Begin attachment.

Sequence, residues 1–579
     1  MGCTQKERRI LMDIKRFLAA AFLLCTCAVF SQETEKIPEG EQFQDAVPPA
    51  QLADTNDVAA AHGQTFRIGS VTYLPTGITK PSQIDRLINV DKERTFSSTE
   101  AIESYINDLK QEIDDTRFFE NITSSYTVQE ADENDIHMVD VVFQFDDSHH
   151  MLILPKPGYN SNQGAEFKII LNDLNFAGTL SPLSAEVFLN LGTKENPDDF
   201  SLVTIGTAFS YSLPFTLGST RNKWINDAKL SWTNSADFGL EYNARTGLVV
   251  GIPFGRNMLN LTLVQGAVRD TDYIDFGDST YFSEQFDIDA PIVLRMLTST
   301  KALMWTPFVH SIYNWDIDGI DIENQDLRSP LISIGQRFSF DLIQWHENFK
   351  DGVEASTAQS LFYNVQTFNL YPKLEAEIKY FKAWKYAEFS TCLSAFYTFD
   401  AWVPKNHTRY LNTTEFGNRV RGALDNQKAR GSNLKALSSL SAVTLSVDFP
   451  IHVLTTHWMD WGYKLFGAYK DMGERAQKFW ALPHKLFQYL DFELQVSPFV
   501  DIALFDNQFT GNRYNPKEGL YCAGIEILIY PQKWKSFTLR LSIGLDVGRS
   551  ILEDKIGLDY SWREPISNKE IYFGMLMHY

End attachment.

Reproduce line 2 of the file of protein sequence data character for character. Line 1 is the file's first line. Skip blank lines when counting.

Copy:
     1  MGCTQKERRI LMDIKRFLAA AFLLCTCAVF SQETEKIPEG EQFQDAVPPA